Biodiversity Science ›› 2013, Vol. 21 ›› Issue (5): 554-563.doi: 10.3724/SP.J.1003.2013.10049

• Orginal Article • Previous Article     Next Article

Influence of geographical distance and topographic difference on β diversity in two large-scale forest dynamics plots

Pin Lu1, 2, Yi Jin2, Jianhua Chen1, Minghong Li1, *, Mingjian Yu2, *()   

  1. 1 Institute of Ecology, Zhejiang Normal University, Jinhua, Zhejiang 321004
    2 College of Life Sciences, Zhejiang University, Hangzhou 310058
  • Received:2013-02-24 Accepted:2013-04-26 Online:2013-10-08
  • Li Minghong,Yu Mingjian E-mail:fishmj202@sohu.com

β diversity quantifies the extent of community compositional shift in a heterogeneous environment. To understand how β diversity is influenced by geographical distance and topographic variation in continuous space, we compared β diversity in two large-scale forest dynamics plots (FDPs). One of these is a 24 ha plot exhibiting complex topography in a subtropical evergreen broad-leaved forest at Gutianshan (GTS), China. The other is a 50 ha plot of comparatively simple topography present in a lowland tropical moist forest on Barro Colorado Island (BCI) in Panama. We investigated the influence of geographical distance and topographic difference on β diversity at four levels of grain. We adopted the 1-Chao-Jaccard index as a measure of β diversity, and performed tests such as Mantel and Partial Mantel tests to disentangle the effects of geographical distance, topographic variation and five topographical variables on β diversity. The results showed that in both plots β diversity was grain size dependent, decreasing as grain size increased. In both plots β diversity was significantly affected by geographical distance and topographic difference. Furthermore, the influence of geographical distance on β diversity showed a monotonic increase in both FDPs with increase in grain size. The effect of topography on β diversity was consistently larger in GTS than in BCI, and was manifested in GTS mainly through altitude and convexity at each grain size. Our results suggest the importance of both niche and dispersal processes in shaping β diversity patterns.

Key words: β diversity, subtropical evergreen broad-leaved forest, Gutianshan, tropical forest, Barro Colorado Island, topography, niche process, dispersal process

Table 1

Background information about the Gutianshan plot and the Barro Colorado Island (BCI) plot"

样地
Plot
大小
Size
经度
Longitude
纬度
Latitude
海拔
Elevation (m)
坡度
Slope
GTS 400 m (SN)×600 m (WE) 118°07.010′-118°07.400′ E 29°15.101′-29°15.344′ N 446.3-714.9 12.8°-62.0°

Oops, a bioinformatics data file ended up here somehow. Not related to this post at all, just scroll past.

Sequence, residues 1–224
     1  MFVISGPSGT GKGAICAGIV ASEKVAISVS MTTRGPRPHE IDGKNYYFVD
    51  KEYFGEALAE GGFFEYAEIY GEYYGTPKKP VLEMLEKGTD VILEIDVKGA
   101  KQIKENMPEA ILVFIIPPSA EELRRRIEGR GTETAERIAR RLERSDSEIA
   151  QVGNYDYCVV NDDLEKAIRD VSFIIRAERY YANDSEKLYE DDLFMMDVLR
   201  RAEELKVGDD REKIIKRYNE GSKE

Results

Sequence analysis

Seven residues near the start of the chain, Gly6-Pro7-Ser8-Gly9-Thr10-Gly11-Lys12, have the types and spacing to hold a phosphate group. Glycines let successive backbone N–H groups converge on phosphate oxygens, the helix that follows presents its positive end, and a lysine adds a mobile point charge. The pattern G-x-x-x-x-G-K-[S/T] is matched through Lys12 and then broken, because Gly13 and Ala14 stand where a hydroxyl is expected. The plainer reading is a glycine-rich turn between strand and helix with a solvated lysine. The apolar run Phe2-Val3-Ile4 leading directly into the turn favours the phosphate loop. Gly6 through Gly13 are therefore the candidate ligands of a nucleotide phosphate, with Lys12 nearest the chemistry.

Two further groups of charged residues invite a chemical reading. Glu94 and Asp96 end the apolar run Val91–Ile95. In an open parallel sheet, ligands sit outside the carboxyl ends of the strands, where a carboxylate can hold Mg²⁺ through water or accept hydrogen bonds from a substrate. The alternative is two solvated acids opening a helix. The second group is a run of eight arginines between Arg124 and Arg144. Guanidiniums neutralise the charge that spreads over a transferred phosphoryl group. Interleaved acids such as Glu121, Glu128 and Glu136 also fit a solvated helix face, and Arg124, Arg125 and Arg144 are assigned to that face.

BCI 500 m (SN)×1,000 m (WE) 79°51.31'-79°51.318' W 9°9.075'-9°9.345' N 121.2-159.2 0.2°-19.4°

Fig. 1

Relationship between community similarity and distance at different grain sizes. a, b, c and d represent grain sizes of 10 m, 20 m, 40 m and 50 m, respectively. Black line indicates Gutianshan plot; Grey line indicates BCI plot."

Fig. 2

The Mantel-test derived correlation coefficients bet- ween beta diversity and geographical distance at each grain size in the Gutianshan (GTS) plot and Barro Colorado Island (BCI) plot. GTS and BCI, Topography uncontrolled; gts and bci, Topography controlled."

Fig. 3

The Mantel-test derived correlation coefficients bet- ween beta diversity and topographic difference at each grain size in the Gutianshan (GTS) plot and Barro Colorado Island (BCI) plot (* P<0.05, ** P<0.01, *** P<0.001). GTS and BCI, Geographical distance uncontrolled; gts and bci, Geographical distance controlled."

Fig. 4

The Partial Mantel-test derived correlation coefficients between beta diversity and each topographic variables (elevation, convexity, slope, EW aspect and SN aspect) at each grain sizes in the GTS plot and BCI plot (* P<0.05, ** P<0.01, *** P<0.001). a, Elevation; b, Slope; c, Convexity; d, Aspect 1 (East-West); e, Aspect 2 (North-South)."

Fig. 5

The third-degree polynomial regressions fitting the relationship between community similarity and geographical distance and topographic difference. a, BCI plot; b, GTS plot; 1, 2, 3 and 4 represent grain sizes 10 m, 20 m, 40 m, and 50 m respectively. Grey line indicate observe values. Black line represents geographical distance fitting, the adjusted R2 from 10 m to 50 m grain size in GTS were 0.0211, 0.0351, 0.0710 and 0.0680, respectively, and in BCI were 0.0104, 0.0219, 0.0601 and 0.0875, respectively. Circles represent topography fitting, the adjusted R2 from 10 m to 50 m grain size in GTS were 0.0596, 0.1127, 0.1067 and 0.0821 respectively, and in BCI were 0.0083, 0.0010, 0.0212 and 0.0279 respectively. Dots represent the geographic distance and topography joint fitting, the adjusted R2 from 10 m to 50 m grain size in GTS were 0.0667, 0.1211, 0.1478 and 0.1303, respectively, and in BCI were 0.0126, 0.0219, 0.0584 and 0.0890, respectively. P<0.001 for all the above fitting results."

Appendix I

World map showing the locations of the GTS plot and BCI plot"

Appendix II

Topographical map of the GTS plot"

Appendix III

Topographical map of the BCI plot"

Appendix IV

Linear regression fitting of the logged community similarity with geographical distance. a, BCI plot; b, Gutianshan plot; 1, 2, 3 and 4 represent grain size 10 m, 20 m, 40 m and 50 m respectively. BCI decay rate: -2.994×10-5/m, -1.295×10-4/m, -1.081×10-4/m and -1.073×10-4/m ; GTS decay rate: -1.152×10-4/m, -3.207×10-4/m, -2.345×10-4/m and -1.742×10-4/m ."

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